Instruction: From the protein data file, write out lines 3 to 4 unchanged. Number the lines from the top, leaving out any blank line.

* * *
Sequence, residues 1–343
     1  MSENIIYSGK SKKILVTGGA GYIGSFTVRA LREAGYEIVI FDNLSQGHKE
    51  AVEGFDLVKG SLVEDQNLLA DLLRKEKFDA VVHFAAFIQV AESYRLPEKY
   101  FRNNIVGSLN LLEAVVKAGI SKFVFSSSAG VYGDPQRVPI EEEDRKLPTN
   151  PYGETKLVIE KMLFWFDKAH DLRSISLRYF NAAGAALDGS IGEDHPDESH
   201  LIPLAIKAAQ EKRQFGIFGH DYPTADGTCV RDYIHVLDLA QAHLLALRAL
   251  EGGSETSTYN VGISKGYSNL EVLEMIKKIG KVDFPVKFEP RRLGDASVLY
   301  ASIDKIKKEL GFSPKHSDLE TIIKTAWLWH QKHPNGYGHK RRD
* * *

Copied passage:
    51  AVEGFDLVKG SLVEDQNLLA DLLRKEKFDA VVHFAAFIQV AESYRLPEKY
   101  FRNNIVGSLN LLEAVVKAGI SKFVFSSSAG VYGDPQRVPI EEEDRKLPTN